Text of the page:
The Asthma and Allergy Foundation of America (AAFA) and MedicAlert have teamed up to help you manage your child’s food allergies and prevent severe allergic reactions. (Kids With Food Allergies is a division of AAFA).
We’re asking you to “ACT” to manage your child’s allergies:
- “A” means have an action plan for anaphylaxis.
- “C” reminds you to carry important medicines and have your child wear a medical ID to alert others of their condition.
- “T” calls for having a treatment plan that includes symptoms to watch for and what to do in an emergency.
When you enroll in a new MedicAlert membership through this special link or via phone [1.800.432.5378], use the code AAFA and MedicAlert will donate 20% of your membership fees to support the mission of the Asthma and Allergy Foundation of America to save lives and reduce the burden of disease for people with asthma and allergies through support, advocacy, education and research.
Epinephrine Is the First-Line Treatment for Anaphylaxis (a Severe Allergic Reaction)
If you or your child are at risk for anaphylaxis, your doctor will prescribe an epinephrine device to carry everywhere.
Epinephrine comes in three forms. Auto-injectors are the most common. A pre-filled syringe was approved by the Food and Drug Administration in 2018. It also comes in a glass vial with a needle syringe. This type is used in clinical settings and is found on some airplanes.
Once you receive your epinephrine device, you need to learn how to use it. Almost all epinephrine auto-injectors come with a training device you can use to practice. Become familiar with when and how to use it when you are calm and not dealing with a reaction. This will reduce anxiety and confusion when you actually have to use it for a reaction.
If your child has allergies, teach your child how to use it as soon as you feel they are old enough. Have other people who watch your child practice with the trainer too.
How Do I Use an Epinephrine Device?
An epinephrine device injects medicine into your outer mid-thigh. If you have an auto-injector, it will release a needle and inject the medicine automatically when you push the device against your leg.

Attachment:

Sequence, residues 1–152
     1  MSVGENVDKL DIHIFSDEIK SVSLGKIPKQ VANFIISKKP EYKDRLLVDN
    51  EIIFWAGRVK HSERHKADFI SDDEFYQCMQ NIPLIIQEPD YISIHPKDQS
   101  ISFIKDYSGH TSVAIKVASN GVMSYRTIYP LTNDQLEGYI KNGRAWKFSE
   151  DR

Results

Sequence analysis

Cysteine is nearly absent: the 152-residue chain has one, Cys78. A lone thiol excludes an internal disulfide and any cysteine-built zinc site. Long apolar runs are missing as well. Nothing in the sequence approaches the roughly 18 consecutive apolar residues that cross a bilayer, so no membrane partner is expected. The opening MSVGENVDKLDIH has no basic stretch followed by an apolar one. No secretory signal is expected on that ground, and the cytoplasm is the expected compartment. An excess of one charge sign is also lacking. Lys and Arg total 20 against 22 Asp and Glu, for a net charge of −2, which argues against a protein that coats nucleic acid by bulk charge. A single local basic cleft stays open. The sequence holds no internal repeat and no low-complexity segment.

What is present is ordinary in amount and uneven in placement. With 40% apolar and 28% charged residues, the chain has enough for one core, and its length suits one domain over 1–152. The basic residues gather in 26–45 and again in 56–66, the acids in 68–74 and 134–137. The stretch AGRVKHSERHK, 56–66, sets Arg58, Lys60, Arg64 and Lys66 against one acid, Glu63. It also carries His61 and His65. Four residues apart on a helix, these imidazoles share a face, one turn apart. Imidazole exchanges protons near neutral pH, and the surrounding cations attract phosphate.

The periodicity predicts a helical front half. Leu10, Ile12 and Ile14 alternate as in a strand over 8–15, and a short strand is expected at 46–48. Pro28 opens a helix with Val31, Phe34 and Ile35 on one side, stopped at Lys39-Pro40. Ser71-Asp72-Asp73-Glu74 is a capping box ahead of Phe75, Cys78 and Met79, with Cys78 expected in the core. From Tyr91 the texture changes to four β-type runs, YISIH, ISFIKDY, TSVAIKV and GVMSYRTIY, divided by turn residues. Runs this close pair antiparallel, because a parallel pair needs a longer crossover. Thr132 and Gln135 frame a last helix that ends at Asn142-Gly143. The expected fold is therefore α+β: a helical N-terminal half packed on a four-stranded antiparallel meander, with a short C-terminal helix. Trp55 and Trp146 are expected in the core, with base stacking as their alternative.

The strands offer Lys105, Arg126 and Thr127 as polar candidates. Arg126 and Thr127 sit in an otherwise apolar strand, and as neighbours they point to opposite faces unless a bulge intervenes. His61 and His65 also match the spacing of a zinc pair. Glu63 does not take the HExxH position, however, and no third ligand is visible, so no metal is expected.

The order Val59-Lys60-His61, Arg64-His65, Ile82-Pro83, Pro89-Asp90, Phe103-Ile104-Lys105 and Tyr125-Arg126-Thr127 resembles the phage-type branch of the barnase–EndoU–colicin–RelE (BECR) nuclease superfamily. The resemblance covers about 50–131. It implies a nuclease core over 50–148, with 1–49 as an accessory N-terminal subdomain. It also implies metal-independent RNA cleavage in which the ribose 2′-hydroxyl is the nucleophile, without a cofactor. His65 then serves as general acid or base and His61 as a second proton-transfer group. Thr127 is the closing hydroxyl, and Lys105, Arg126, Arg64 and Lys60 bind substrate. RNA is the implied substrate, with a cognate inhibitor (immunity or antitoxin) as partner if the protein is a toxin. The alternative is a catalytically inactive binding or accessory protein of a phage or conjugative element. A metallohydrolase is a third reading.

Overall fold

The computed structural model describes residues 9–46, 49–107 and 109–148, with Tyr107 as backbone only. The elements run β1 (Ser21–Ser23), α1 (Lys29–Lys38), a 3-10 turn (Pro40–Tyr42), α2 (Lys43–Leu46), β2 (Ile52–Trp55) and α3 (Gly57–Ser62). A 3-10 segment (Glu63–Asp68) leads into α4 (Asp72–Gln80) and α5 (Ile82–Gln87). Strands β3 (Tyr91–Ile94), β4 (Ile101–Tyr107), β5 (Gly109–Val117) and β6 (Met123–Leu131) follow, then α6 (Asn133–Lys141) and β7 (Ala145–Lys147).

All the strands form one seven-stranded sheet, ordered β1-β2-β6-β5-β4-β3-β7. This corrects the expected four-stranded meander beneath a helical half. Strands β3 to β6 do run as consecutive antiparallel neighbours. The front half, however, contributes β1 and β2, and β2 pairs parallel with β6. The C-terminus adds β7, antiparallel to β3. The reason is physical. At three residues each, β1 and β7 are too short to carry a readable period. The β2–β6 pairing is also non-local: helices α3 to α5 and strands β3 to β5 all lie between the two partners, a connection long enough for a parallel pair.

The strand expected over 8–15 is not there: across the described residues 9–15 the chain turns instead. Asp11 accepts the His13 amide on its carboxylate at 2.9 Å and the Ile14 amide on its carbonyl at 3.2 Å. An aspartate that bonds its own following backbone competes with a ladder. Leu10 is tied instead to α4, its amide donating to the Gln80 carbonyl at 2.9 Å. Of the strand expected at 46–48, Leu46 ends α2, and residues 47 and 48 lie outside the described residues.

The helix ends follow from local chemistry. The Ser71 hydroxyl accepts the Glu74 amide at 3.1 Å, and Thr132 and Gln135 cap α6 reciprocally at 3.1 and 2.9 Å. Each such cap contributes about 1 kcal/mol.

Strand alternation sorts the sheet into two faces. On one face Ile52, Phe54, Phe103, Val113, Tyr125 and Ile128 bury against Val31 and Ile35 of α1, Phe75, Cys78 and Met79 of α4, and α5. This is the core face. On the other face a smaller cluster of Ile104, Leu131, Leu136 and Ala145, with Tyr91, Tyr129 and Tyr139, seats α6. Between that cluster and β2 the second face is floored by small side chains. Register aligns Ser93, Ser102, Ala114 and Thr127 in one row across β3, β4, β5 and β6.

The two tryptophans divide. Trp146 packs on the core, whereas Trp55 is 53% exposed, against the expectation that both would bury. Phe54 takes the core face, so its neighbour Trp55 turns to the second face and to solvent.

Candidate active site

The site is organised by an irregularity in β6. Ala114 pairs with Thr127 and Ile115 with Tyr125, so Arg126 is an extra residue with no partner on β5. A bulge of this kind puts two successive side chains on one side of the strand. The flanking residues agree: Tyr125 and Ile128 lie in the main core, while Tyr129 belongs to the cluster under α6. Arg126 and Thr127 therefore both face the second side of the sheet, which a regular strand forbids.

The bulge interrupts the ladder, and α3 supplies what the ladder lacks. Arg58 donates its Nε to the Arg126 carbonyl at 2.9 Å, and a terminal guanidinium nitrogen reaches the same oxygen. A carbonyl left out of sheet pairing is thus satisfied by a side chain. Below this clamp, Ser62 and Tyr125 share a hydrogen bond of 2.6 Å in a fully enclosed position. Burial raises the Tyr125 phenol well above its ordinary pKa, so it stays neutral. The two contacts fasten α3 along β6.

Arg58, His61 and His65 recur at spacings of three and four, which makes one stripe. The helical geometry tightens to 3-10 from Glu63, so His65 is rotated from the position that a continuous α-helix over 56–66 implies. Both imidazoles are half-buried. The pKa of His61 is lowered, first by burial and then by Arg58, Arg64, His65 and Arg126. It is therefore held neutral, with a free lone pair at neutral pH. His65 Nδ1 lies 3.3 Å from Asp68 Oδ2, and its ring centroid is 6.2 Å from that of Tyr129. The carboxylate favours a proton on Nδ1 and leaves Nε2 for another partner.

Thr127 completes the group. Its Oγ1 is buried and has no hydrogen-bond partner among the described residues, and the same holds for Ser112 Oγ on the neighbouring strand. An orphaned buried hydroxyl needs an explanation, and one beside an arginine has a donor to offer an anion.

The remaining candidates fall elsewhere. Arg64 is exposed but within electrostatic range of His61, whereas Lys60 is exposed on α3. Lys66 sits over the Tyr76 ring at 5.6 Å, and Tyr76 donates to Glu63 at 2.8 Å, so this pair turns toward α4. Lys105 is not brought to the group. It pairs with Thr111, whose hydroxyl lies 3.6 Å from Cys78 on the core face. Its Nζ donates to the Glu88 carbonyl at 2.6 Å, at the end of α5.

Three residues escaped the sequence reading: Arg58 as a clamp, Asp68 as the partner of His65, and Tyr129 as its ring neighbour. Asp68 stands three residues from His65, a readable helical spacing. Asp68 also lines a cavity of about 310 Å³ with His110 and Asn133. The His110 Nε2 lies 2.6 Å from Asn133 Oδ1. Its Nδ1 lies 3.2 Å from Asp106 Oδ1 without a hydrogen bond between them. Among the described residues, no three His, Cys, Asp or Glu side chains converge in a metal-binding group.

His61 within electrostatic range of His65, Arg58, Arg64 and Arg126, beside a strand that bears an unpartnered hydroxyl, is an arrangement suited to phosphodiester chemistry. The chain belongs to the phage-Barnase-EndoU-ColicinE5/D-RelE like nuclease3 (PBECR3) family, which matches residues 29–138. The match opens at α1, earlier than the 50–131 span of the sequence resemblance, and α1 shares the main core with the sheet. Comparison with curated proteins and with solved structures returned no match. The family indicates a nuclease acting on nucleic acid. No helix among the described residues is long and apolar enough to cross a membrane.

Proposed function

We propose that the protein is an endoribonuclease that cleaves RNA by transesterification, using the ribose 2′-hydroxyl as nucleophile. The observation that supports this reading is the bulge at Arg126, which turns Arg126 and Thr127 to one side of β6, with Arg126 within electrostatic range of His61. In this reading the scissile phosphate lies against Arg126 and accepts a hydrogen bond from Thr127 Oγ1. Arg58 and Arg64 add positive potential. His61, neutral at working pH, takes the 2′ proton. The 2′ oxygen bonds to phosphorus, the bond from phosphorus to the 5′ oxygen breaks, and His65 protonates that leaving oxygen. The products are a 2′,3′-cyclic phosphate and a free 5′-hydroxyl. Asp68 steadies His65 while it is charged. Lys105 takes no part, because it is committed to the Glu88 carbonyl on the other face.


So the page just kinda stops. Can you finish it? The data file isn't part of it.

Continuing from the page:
With a pre-filled syringe, you remove a cap to expose the needle and then inject the needle into your thigh.
While these devices may be easy to use, they all have different safety features, such as a cap you have to remove before you can use it. This is why it's important for you to learn how to use the specific device you carry.
What Types of Epinephrine Devices Are Available?
There are several types of epinephrine devices available. They also come in doses sized for infants, children and adults. Most of them come as easy-to-use auto-injectors. Work with your doctor to find the right device you are the most comfortable carrying and using.
KFA has a list of all of the current epinephrine devices and links to training videos. Find your device and watch the training video so you know how to use it.
Are Other Allergy Treatments Available?
There is no cure for allergies. But there are other options that may help you manage them depending on the type of allergy. These treatments can reduce your chance of having a serious allergic reaction.
If you are allergic to stinging insects - such as bees, hornets and wasps - you may be able to get immunotherapy (allergy shots). Allergy shots are injections of allergens that you get in an increasing dose over time. These will make you less sensitive to the insect's venom.
If you have a food allergy, you may be able to do oral immunotherapy (OIT). With these treatments, you eat a increasing amounts of your food allergen until you reach a target amount. You then eat a small amount of the food regularly, usually daily. This may allow you to eat your food allergen regularly with less chance of having a reaction as long as you continue treatment.
The Food and Drug Administration approved Palforzia for peanut allergy in early 2020. It is the first FDA-approved treatment for food allergy. Other types of food allergy treatments are also being developed. Coming soon: a patch placed on the skin which releases small amounts of peanut into the skin to train the immune system.
Prepare, Care and Share
Share this image and tweets to spread awareness:
- In honor of Food Allergy Awareness, I'm making a pact to A.C.T. for Allergy. By working together, we can reduce severe allergic reactions: kidswithfoodallergies.org/act #act4allergy via @kfatweets Tweet This
- T is for Treatment: Talk with your doctor about #allergy treatments that may work for you. Practice how to use your emergency medicines. kidswithfoodallergies.org/act #act4allergy #foodallergy #foodallergyawareness via @kfatweets Tweet This